Landscapes of the Future
When we picture the landscape of the future, what kind of landscape do we picture?
Projections of Earth into the future tend to focus on cities that have grown bigger, taller, and more pervasive. William Gibson’s influential science-fiction novel Neuromancer (1984), for example, takes place partly in the Sprawl, a giant swath of uninterrupted urbanization extending from Boston to Atlanta. “Blade Runner” (1982) takes place in 2019 in a Los Angeles that is an enlarged and grittier version of today’s L.A. “Escape from New York” (1981) and its sequel “Escape from L.A.” (1996) take the urban-decay trend to an extreme, positing a future where Manhattan and Los Angeles have been turned into hellish penal colonies.
Some sunnier visions of an urban future can be found on Paleo-Future, a blog that collects futuristic visions from the past century and a half(1). For example, a 1901 illustration in Collier’s Weekly depicts a cloudy, majestic New York City in 2001, postcards from the turn of the century show a roofed-over city (a common meme), and a 1982 book on Epcot Center includes a picture of a modernist-looking space colony.
“The Jetsons” (1962-3, 1985-7), one of the most familiar visions of the future for the past few generations of Americans, is set in a 2062 where people live in single-family separated houses in the sky and drive around in private flying cars. Employment on “The Jetsons” is mostly white-collar or in the service industry. All of this looks a lot like the suburbs, which must have seemed like the inevitable landform of the future in the early 1960s. Suburban forms were common in futurism from the late 18th century until the late 20th century, from Ebenezer Howard’s garden cities to Disney’s “Magic Highway, USA“.
Rural settings also appear in science fiction, but mostly as backwater planets in futures that also include metropolis city-worlds. For example, most of the Star Wars movies includes scenes on Tatooine, a desert world that consists mostly of moisture farms and dusty spaceports. But other scenes are set on the ecumenopolis of Coruscant or inside the Death Star, which is pictured not as a city (and certainly not as a countryside) but as a gigantic building. In the Star Wars future, the galaxy is really something like a single planet writ large, with a rural periphery and an urban center. Other works of science fiction, like the various “Star Trek” series, present us with similar world-writ-large galaxies (or universes), although as far as I know there are never any suburban planets.
The future landscapes we’re most familiar with, then, either take the city or suburb as their basis or simply magnify our current distribution of city and countryside. Indeed, it sounds almost contradictory, or at least counter-intuitive, to talk about a future that focuses on the countryside. This may be because rural futurisms are outside the mainstream—of interest mostly to ruralites(2), perhaps—or because (sub)urban futurisms have supplanted them in recent times, but it definitely isn’t because the future has never been imagined as rural. For example, Paleo-Future has excerpts from a 1961 article on “factory farms,” a 1979 book on the “superfarm of the year 2020,” and a 1982 book on (of course) robot farms.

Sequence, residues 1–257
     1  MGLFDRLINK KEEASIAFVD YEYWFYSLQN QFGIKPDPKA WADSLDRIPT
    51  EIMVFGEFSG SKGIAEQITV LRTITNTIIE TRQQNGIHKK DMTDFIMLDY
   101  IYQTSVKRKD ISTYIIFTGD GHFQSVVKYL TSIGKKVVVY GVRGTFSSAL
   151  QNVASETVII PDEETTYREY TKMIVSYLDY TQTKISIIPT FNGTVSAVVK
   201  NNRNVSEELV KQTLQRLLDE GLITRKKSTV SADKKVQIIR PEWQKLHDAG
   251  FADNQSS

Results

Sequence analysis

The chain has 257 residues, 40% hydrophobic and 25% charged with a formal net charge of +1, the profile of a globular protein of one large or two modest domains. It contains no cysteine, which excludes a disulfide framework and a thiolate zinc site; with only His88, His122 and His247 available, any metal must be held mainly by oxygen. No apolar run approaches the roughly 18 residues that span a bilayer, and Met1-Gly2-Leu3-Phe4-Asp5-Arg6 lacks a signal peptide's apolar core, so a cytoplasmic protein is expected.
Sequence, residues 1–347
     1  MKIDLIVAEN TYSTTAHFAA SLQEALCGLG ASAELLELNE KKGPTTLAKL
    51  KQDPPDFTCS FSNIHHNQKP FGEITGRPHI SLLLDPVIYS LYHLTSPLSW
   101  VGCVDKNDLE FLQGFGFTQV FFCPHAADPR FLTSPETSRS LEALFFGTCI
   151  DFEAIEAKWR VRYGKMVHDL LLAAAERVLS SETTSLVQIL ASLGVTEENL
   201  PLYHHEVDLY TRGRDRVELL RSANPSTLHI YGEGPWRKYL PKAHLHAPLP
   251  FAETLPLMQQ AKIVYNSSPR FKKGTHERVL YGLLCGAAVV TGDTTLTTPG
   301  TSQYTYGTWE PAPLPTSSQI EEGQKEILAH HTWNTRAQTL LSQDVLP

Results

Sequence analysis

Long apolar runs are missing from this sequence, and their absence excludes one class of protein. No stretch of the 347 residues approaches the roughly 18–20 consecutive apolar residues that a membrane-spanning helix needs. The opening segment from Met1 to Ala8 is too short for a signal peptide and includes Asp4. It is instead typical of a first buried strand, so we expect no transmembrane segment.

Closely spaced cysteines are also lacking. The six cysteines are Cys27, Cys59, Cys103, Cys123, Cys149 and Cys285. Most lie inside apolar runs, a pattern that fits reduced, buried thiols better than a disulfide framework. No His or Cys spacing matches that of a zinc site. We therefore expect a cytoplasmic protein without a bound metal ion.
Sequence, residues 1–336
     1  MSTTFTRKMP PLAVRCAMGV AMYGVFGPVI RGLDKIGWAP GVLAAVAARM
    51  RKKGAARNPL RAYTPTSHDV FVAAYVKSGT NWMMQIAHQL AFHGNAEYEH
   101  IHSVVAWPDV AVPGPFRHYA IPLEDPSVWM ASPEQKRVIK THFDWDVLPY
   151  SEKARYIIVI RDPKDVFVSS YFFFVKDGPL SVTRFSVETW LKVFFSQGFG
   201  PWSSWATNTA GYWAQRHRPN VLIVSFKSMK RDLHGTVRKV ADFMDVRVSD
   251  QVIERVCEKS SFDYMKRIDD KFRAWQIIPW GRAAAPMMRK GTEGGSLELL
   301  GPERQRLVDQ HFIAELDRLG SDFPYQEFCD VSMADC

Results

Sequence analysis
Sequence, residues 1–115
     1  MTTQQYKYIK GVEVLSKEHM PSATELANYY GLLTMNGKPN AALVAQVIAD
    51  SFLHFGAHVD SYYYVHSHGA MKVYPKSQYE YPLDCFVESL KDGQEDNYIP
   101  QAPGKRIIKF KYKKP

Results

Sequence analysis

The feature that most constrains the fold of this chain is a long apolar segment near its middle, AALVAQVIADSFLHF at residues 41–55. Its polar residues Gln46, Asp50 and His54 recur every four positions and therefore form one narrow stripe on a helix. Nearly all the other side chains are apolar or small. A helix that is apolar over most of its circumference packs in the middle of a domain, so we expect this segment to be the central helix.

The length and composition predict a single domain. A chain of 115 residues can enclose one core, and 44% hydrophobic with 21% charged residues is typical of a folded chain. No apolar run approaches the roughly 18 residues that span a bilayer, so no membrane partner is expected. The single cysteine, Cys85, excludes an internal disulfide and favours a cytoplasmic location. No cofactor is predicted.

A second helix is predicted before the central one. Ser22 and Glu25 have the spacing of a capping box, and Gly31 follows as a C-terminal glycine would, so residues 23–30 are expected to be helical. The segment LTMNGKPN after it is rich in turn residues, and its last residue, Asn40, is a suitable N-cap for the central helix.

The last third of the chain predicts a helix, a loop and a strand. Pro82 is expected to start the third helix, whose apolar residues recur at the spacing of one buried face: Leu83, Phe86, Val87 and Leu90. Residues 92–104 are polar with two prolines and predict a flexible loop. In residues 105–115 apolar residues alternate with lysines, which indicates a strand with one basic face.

Another vision of a rural future comes from a 1970 National Geographic article, “More Food for Our Multiplying Millions: The Revolution in American Agriculture,” by James B. Billard. As far as I can tell the article isn’t available online, but the following description of it is from Seeing Like a State by James C. Scott:
“Its vision of the farm of the future […] was not an idle fantasy; it was, we are told, drawn ‘with the guidance of U.S. Department of Agriculture specialists.’ Billard’s text is one long paean to mechanization, scientific marvels, and huge scale. For all the technical wizardry, he envisions a process of simplification of the landscape and centralization of command. Fields will be larger, with fewer trees, hedges, and roads; plots may be ‘several miles long and a hundred yards wide.’; ‘weather control’ will prevent hailstorms and tornadoes; atomic energy will ‘level hills’ and make irrigation water from seawater; satellites, sensors, and airplanes will spot plant epidemics while the farmer sits in his control tower.”
The picture illustrating the article is the same as in the superfarm link above. It includes all the usual motifs of future landscapes: bubble-topped buildings, sleek conic and cylindrical forms, and an absolute orderliness stretching as far as the horizon.
It is unusual to see these forms, not to mention other futurist staples like weather control and robots, in a rural context. After all, we base our predictions for the future on extrapolations of current trends, and there’s no doubt that the current worldwide demographic trend is towards urban areas and away from rural ones.In 2008, for the first time in human history, more than half of the world’s population lived in cities. It’s no surprise, then, that when we look into the future, it’s usually cities that we see.
(1) It was surprisingly hard to find examples on Paleo-Future of any kind of future landscape, whether urban, suburban, rural, or other. Instead a lot of posts are about social or economic conditions, transportation, or (especially) robots. This may say something about the rarity of attempts to come up with a comprehensive vision of a future world, or it may just say something about what the author of Paleo-Future is interested in.
(2) Interesting that “urbanite” and “suburbanite” are words but “ruralite” is not, and there is no equivalent (non-pejorative) word for a resident of the countryside.
Cross-posted from Empire Avenue.